Shortlisted for the Philip K. Dick Award

The Other: A Luff Imbry novel
Chapter One

The subtle simplicity of the trap took Luff Imbry by surprise.

Ordinarily, he would never have agreed to a meeting in a setting as insecure as the Belmain sea-wall. In recent years, Imbry had grown far too corpulent for energetic foot-races, which would be his only recourse for escape if agents of the Bureau of Scrutiny interrupted the proposed transaction with Barlo Krim. His heroic girth was the main reason he now conducted almost all of his business at Bolly’s Snug, an ancient tavern with a warren of rentable private rooms that offered absolute privacy and, for those who paid the extra tariff, unconventional exits in times of emergency.

But Barlo Krim was as trustworthy and careful a contact as Imbry could have thought of, a scion of an extensive family whose members operated throughout the halfworld, as the criminal underpinnings of the impossibly ancient city of Olkney were wont to call themselves. Since time immemorial, the Krims had acquired and sold goods, always of fine quality and high value, though their provenances would not bear too-close inspection. Imbry had done business with a dozen of them, finding them always to be consummate professionals, if hard bargainers. But, then, Imbry found that a good haggle stimulated both mind and body, if the dickerers were practiced in the art.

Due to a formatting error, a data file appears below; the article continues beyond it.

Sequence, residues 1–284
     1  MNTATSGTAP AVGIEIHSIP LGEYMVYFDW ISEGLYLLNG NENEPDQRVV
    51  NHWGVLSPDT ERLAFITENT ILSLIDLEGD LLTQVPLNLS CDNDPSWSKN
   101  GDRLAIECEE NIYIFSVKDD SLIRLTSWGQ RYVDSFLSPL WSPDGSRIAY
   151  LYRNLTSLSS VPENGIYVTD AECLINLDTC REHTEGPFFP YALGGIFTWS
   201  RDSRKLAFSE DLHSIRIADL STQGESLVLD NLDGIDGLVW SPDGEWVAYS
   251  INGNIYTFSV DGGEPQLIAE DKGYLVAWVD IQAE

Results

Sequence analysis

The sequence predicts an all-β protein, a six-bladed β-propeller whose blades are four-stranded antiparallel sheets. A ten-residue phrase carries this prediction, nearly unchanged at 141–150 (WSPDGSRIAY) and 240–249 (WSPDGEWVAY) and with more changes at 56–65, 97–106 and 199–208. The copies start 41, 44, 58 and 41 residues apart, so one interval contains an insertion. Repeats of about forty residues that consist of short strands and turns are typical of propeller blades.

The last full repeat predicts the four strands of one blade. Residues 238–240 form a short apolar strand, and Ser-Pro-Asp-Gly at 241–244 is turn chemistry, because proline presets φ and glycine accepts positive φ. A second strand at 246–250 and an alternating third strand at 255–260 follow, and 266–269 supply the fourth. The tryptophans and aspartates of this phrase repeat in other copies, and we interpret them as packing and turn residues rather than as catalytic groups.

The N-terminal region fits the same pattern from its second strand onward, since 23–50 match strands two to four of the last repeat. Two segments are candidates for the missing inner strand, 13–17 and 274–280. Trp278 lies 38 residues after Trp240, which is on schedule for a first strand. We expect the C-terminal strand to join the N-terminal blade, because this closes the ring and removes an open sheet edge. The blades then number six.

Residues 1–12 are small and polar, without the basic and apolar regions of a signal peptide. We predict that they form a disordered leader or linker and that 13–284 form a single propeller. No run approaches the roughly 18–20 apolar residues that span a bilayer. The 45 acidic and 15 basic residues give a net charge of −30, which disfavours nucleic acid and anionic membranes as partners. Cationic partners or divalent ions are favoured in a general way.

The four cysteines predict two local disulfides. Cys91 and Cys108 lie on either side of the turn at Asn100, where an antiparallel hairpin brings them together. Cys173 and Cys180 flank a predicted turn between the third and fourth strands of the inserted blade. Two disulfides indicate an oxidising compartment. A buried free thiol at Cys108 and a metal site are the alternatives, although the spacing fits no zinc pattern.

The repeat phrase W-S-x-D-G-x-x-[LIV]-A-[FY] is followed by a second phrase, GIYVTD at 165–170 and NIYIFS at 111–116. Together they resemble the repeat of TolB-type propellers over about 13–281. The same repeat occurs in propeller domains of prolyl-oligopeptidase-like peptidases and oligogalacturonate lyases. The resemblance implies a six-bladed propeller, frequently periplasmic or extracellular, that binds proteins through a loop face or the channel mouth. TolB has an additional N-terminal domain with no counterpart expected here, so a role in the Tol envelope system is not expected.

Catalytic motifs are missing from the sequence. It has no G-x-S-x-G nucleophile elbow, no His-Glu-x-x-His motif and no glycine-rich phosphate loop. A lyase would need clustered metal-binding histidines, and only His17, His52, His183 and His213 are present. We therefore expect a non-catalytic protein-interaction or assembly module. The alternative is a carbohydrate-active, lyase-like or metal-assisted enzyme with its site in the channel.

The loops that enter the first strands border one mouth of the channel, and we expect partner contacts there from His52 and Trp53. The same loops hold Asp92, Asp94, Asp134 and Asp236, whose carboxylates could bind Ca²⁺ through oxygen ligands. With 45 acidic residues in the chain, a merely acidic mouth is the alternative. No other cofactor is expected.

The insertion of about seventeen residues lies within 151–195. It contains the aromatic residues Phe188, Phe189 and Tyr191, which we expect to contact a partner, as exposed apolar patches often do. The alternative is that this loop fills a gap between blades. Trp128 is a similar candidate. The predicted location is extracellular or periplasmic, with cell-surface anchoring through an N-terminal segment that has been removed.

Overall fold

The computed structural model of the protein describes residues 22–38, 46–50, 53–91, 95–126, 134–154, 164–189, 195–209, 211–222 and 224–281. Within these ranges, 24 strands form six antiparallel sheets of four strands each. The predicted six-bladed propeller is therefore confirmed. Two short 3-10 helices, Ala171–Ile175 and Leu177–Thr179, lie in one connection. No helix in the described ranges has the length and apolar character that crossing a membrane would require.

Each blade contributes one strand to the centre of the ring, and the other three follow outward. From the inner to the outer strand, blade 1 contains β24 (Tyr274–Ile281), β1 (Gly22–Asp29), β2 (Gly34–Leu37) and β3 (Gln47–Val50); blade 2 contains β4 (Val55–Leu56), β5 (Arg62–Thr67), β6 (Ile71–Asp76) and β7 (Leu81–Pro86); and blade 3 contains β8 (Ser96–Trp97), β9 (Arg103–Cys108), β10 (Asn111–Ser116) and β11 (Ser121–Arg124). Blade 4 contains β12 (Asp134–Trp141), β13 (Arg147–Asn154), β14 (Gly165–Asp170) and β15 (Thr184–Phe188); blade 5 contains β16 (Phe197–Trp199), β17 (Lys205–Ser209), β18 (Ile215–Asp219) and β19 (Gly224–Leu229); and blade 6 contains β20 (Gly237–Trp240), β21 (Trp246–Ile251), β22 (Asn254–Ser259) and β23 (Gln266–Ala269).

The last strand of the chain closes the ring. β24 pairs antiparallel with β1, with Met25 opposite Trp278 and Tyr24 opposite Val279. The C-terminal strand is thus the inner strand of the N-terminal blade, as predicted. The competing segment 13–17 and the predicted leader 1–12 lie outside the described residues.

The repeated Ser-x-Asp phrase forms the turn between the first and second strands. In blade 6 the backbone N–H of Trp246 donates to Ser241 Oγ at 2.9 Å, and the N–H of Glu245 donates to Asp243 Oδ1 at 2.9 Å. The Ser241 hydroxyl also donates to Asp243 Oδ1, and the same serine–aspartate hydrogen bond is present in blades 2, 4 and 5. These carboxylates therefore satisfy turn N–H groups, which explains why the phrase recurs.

Barlo was now midway through his career, a settled family man who rarely “went out” himself, and then only if the prospects were exceptional and if the house’s defenses were such as to yield only to an expert’s nudges and tickles. He had long since moved up in the family hierarchy to become a middler, receiving from younger Krims and their associates, and selling on to fronters such as Imbry, who would deal directly, or almost so, with the eventual purchasers.

So when Barlo Krim contacted Imbry through a secure channel, offering to sell a set of custom-made knuckle-knackers, the fat man was immediately interested and said, “I will reserve a room at Bolly’s for tomorrow after lunch, if that will suit.”

“No,” said the middler, “Ildefons is away to visit her sister all this week, and I am taking care of little Mull. Ildy would have my teeth for tiddlywinks if I took the child into Bolly’s, or anywhere like it.”